The only witness to the robbery was Merlin Morrison, the 13 year old son of the grocer. He testified that Joe Hill was of the same height and build as one of the killers, but was unable to conclusively identify Hill as one of the killers.
Joe Hill stubbornly refused to disclose where he had been on the evening of the murder and he would not give any details of a chest gun wound, other than that it had been the result of a fight over a woman. Even though a defendant's refusal to testify is no presumption of guilt, the prosecutor was allowed to tell the jury so. The judges own instruc-tions to the jury ignored Utah Supreme Court rulings that'circumstanti al evidence must be considered as a chain, no stronger than it's weakest link.
"There's always going to be questions whether he was guilty, but not on whether he got a fair trial" says Brian Barnard, a Salt Lake City lawyer and member of the Joe Hill Committee who felt that the many serious errors warranted a reversal or at least a new trial. "Inexplicably, Hill's attorneys failed to raise the issue in their unsuccessful May 28, 1915 appeal".
The 35-year old Joe Hill was killed by four bullets in his heart. Thousands of protest letters and President Wilson's, Helen Keller's and the Swedish Ambassador's pleas for mercy did not move the Governor of Utah. In the end the Wobblies were at least able to fulfill Joe Hill's last wish. "Could you arrange to have my body hauled to the state line to be buried? I don't want to be found dead in Utah".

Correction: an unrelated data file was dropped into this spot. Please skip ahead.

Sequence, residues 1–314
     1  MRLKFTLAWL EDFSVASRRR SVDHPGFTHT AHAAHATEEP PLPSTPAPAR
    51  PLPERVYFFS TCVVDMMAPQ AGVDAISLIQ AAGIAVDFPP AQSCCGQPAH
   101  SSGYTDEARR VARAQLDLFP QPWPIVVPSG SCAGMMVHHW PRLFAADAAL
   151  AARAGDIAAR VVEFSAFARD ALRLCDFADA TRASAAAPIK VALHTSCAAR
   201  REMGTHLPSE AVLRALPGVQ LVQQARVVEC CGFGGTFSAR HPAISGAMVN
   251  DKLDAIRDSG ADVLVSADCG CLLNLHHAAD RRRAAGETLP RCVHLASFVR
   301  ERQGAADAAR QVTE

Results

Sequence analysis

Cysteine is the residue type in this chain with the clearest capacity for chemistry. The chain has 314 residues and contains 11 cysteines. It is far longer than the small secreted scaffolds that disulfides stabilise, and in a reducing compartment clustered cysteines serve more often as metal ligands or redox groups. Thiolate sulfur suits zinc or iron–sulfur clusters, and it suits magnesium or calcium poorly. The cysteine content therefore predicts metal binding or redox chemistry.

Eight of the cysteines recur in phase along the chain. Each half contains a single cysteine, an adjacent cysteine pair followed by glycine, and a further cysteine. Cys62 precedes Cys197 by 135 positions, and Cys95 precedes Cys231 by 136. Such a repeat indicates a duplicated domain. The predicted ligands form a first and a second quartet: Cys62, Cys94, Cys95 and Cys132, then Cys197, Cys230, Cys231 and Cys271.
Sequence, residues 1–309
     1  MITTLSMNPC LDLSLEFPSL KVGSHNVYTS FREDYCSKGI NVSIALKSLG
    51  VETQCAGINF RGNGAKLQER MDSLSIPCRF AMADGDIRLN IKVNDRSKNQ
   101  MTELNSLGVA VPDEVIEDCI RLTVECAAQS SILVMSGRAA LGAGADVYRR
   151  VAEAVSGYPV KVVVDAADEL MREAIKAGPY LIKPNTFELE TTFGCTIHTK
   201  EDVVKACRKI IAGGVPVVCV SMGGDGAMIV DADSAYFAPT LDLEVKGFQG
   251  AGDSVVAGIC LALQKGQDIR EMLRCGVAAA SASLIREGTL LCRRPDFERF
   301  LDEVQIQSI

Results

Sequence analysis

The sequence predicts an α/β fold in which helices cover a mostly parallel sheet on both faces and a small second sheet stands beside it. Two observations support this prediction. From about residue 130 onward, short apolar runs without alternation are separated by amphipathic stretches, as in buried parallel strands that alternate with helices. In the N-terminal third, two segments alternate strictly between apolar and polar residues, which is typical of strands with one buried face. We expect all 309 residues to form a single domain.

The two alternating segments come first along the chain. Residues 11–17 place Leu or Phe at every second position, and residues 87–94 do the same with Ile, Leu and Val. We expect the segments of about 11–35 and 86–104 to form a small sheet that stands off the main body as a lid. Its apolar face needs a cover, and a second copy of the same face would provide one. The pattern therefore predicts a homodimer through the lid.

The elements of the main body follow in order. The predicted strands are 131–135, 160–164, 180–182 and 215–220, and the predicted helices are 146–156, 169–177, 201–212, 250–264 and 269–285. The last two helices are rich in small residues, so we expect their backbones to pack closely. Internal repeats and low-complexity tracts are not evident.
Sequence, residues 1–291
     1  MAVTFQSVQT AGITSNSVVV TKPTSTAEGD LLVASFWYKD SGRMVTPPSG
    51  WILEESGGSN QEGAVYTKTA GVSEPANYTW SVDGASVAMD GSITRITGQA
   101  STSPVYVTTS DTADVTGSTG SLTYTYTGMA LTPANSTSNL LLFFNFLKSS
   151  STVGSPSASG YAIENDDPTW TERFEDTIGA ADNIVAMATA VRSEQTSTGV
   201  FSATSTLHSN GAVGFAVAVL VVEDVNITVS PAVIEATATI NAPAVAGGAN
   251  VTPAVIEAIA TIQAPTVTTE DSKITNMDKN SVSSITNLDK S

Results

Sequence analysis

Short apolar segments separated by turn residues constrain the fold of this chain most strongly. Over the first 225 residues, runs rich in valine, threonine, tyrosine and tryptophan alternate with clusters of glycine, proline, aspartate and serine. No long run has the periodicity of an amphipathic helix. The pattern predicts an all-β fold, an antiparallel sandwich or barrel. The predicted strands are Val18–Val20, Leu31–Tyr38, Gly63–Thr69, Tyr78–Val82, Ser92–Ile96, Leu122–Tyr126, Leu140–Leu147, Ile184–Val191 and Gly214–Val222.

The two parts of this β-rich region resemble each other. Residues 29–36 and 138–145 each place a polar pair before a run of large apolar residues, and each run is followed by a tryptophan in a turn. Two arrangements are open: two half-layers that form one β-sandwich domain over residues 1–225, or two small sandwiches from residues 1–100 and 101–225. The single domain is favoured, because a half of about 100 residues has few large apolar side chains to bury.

And the IWW did better still. Thousands of sympathizers followed him to the funeral in Chicago. He was cremated and his ashes mailed in envelopes to IWW locals and sympathisers in every state and around the world. On May Day in 1916 the ashes were released to the winds (except in Sweden where they were placed in a commemoratiuve urn in the wall' of the Landskrona Folkets Hus - most likely against Joe Hills intentions).
"I die like a true rebel. Don't waste any time mourning - organize!" said Joe Hill. The IWW achieved a membership of 100,000 in 1923. The . membership has now declined to around 1,000. (The AFL-CIO that sprung out from the early IWW movement, has more than 15 million members).
Twenty years ago, Bo Widerberg's film "Joe Hill" failed to
move an opinion that could press the State of Utah to exonerate Joe Hill
(as had the "Sacco and Vanzetti" film done in a very similar
case). Today the only hope seems to be the Joe Hill Organizing Committee.
Or Folke Geary Anderson, a Swede from Anacortes, WA, who for decades has
corresponded with the authorities imploring them to, once and for all,
clear Joe Hill's name.
A letter from Joe Hill in “Death Row”
Editor Telegram, Salt Lake City, Utah:
There were several reasons why I discharged, or tried to discharge, these attorneys. The main reason, however, was because they never attempted to cross examine the witnesses for the state, and failed utterly to deliver., the points of the defense.